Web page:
The Richmond Register

Lifestyles & Community

February 13, 2013

Remember: FAD DIETS can mean bad nutrition

Diets

MADISON COUNTY — The holidays have passed, a new year has begun, and swim suit season is just around the corner.  Many of you no doubt have made New Year’s resolutions to lose weight.

With weight loss aspirations come questions about the newest diets and best ways to lose weight.   The number of fad diets and quick trick weight loss schemes circulating on the internet, television and in magazines is enough to boggle the mind.  While some of these diet approaches may help an individual lose weight, they do not necessarily leave the person well-nourished and healthier.  How does one recognize a fad diet?  Remember the acronym FAD DIETS:

 Foods with super powers

These diets promise that the consumption of certain foods will help burn calories. The problem: No known food burns calories. The only way to burn calories is through physical activity or body processes.

 Anything you want to eat except …

These diets allow an individual to eat as much as they want of all their favorite foods but require them to cut out a certain food group. An example would be the diet that allows a person to eat everything except carbohydrates. Some diets also do the opposite, requiring dieters to cut out all foods except one specific food group. An example is a diet which restricts someone to eating only fruit. The problem: These types of diet changes can leave an individual deficient in specific nutrients.

 Dieting again!

These are the diets that an individual finds themselves restarting every few months because they have regained the weight they lost. The problem: Fad diets are well known for quick weight loss that is hard to maintain because of the low number of calories allowed per day and boredom associated with limited food choices.

 Disease states not addressed

Most fad diets do not take into account the needs and limitations of those suffering from chronic diseases, such as diabetes or cardiovascular disease. The problem: Chronic diseases can be profoundly affected by diets that alter nutrients such as fat, sodium and carbohydrates. For example, some diets promote consumption of prepared meals or supplements which may be high in sodium. This could cause serious problems for a dieter with high blood pressure. Diets which severely limit or eliminate carbohydrates would interfere with a diabetic’s ability to regulate their blood glucose.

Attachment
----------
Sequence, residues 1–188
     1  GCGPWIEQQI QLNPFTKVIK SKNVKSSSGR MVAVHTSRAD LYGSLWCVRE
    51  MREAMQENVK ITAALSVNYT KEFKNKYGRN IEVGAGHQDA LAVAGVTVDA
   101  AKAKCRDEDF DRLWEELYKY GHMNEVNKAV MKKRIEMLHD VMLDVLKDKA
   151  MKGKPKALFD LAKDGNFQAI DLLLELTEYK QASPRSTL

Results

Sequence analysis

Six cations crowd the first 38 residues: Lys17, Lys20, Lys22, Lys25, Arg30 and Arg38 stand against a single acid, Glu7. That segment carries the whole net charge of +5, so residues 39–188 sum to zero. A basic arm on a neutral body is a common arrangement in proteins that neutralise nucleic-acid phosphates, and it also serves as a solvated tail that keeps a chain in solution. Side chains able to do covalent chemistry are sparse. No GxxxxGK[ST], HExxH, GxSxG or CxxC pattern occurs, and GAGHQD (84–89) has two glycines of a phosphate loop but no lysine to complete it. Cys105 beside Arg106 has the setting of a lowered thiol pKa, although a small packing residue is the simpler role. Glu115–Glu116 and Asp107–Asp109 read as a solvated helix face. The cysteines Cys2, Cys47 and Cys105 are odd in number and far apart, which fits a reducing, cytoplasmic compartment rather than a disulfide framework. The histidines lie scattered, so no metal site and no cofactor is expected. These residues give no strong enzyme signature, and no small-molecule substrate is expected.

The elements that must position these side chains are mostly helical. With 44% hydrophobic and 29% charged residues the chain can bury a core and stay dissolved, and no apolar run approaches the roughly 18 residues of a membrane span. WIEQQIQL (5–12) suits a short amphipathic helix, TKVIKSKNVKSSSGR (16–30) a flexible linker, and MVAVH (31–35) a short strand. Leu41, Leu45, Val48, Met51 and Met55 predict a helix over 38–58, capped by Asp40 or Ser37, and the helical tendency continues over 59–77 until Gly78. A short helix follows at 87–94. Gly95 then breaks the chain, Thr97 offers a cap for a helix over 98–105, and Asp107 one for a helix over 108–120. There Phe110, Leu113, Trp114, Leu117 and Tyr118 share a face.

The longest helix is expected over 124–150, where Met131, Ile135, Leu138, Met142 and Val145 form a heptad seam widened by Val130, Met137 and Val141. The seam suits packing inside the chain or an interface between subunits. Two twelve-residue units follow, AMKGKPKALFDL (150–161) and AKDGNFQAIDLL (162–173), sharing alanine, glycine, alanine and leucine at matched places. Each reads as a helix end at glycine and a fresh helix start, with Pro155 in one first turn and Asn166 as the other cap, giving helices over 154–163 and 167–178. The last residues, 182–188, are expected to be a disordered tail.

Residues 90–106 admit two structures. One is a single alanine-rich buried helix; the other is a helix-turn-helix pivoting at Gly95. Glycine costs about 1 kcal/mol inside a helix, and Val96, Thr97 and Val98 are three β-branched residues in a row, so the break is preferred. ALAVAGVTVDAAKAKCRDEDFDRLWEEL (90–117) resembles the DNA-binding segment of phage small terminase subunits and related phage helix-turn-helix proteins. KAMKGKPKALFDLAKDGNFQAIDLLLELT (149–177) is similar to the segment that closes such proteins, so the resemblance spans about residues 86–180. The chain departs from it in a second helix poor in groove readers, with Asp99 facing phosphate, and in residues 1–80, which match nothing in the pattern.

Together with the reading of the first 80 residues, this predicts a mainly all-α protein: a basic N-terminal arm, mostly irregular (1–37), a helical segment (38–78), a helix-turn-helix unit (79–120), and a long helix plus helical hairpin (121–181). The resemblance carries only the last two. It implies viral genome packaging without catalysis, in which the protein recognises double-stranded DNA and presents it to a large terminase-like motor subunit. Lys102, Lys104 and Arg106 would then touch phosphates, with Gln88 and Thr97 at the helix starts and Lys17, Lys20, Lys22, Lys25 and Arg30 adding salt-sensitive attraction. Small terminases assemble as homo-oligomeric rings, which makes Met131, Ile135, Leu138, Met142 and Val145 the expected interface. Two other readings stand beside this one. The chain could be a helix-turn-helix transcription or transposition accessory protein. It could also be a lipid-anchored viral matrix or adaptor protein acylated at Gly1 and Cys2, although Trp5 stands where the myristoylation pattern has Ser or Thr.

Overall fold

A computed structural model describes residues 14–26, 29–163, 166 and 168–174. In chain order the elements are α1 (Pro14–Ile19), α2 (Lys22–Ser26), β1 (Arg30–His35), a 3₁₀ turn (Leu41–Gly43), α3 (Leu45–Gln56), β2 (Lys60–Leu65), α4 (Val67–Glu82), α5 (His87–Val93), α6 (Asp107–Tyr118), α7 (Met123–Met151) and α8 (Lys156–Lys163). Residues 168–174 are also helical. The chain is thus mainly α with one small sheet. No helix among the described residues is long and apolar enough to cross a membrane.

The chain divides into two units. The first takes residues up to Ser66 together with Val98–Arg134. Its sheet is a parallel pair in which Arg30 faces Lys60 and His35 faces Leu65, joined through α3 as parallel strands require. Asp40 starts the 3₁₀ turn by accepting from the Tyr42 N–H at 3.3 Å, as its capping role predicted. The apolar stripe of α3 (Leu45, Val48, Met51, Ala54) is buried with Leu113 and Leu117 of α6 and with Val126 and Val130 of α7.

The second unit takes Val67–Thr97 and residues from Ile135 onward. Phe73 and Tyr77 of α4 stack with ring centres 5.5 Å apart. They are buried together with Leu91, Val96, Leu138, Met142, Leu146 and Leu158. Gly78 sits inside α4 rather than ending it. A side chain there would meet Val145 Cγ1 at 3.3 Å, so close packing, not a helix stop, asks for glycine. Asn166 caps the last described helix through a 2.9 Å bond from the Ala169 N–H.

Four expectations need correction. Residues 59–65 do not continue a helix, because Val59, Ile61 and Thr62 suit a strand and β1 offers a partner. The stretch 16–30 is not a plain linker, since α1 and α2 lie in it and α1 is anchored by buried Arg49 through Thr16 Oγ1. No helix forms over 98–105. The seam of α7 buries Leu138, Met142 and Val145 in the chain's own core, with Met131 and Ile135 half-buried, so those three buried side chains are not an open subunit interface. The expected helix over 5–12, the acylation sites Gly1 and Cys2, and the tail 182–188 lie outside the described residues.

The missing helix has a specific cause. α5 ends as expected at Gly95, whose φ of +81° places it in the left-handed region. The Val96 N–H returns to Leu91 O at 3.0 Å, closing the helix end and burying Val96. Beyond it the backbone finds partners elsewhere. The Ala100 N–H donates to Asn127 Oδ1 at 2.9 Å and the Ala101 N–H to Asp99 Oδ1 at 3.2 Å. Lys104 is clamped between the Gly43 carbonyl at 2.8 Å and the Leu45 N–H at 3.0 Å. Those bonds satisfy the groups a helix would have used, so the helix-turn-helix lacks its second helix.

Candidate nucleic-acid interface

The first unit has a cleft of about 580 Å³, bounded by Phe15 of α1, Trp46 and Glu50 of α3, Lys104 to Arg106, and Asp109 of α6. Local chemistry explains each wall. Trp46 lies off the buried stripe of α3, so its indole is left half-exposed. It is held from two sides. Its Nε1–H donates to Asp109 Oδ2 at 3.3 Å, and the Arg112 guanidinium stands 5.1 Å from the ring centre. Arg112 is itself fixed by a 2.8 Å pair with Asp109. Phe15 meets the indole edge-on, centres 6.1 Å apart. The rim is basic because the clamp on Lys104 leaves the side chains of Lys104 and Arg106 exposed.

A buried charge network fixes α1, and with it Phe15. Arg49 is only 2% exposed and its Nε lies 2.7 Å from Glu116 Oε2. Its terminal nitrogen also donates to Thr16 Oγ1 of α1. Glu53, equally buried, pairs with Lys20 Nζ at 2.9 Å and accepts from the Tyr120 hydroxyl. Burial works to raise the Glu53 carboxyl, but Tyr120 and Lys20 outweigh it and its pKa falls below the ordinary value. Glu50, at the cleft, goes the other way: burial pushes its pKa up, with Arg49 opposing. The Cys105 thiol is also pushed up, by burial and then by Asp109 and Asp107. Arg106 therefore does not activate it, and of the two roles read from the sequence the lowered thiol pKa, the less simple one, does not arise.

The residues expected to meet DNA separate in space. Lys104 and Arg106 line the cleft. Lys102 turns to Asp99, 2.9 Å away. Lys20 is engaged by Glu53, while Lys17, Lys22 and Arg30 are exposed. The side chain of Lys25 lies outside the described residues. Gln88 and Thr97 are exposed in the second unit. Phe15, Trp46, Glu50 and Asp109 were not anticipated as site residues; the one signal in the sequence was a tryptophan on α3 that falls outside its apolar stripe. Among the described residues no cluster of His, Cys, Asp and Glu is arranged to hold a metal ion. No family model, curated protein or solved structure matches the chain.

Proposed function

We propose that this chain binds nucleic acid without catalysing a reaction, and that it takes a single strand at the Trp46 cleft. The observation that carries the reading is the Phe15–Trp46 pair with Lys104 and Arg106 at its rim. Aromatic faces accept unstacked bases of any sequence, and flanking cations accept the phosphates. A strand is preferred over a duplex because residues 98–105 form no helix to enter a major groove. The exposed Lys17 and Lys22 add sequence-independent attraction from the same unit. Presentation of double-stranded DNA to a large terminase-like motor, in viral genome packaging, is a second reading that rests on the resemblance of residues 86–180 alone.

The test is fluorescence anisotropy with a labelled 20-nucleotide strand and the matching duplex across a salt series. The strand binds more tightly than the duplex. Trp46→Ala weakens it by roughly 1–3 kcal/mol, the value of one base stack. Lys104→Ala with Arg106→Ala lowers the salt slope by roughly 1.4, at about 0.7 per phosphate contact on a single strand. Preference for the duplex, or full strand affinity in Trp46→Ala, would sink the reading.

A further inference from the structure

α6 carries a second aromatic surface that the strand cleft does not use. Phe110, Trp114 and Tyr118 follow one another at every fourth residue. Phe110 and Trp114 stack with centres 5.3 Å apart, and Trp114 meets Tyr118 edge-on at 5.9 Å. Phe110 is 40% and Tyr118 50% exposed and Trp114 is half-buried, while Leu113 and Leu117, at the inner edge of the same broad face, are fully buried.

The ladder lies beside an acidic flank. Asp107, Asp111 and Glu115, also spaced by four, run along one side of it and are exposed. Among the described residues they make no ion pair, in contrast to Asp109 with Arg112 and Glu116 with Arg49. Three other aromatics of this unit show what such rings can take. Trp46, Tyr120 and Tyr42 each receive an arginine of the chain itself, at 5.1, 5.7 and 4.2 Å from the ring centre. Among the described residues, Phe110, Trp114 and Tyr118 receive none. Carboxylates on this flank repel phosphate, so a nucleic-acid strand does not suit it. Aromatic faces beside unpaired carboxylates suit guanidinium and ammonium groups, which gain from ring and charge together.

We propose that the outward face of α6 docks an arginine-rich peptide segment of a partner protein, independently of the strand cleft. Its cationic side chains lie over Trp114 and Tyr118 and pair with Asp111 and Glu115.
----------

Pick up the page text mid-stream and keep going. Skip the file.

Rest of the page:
Inflexible menu

Some diets set strict guidelines for certain foods that must be eaten at specific times throughout the day. The problem: These diets can only be maintained for a short time, as most work and social schedules do not permit such rigid eating plans.

 Exercise is optional

Many diets promise that weight loss can be achieved by making a few adjustments in diet or taking a supplement. The problem: To lose weight, calories used must exceed calories eaten.  Physical activity uses up calories, promoting weight loss, and speeds up metabolism, so that body processes use more calories.  Other benefits include regulation of cholesterol, blood pressure and blood glucose, toning of muscles, and stress reduction.

 Too good to be true

If a diet seems too good to be true, it probably is. The problem: Before and after weight loss pictures in advertisements most likely are not representative of typical results. Even if the pictures are accurate representations of an individual using that diet, it is impossible to know if the weight loss was sustained.  

 Speedy weight loss  

These diets promise incredible results in a matter of weeks. The problem: Weight loss in excess of two pounds per week is difficult to maintain. Very low calorie diets can be dangerous and should only be attempted when prescribed and monitored by a physician to address urgent health concerns.  

 Although the promises of fad diets can be enticing, the safest and most effective way to lose weight and maintain weight loss is through a balanced diet and physical activity.

Visit www.ChooseMyPlate.gov to determine an eating pattern for your gender, age and activity level.

An individual can lose one pound per week by burning 500 more calories per day than he or she eats. Weight loss may be achieved by eating fewer calories, burning more calories, or using a combination of both approaches.

Simple lifestyle changes, sustained over time, allow for gradual loss of weight and improved health that is easy to maintain for years to come.

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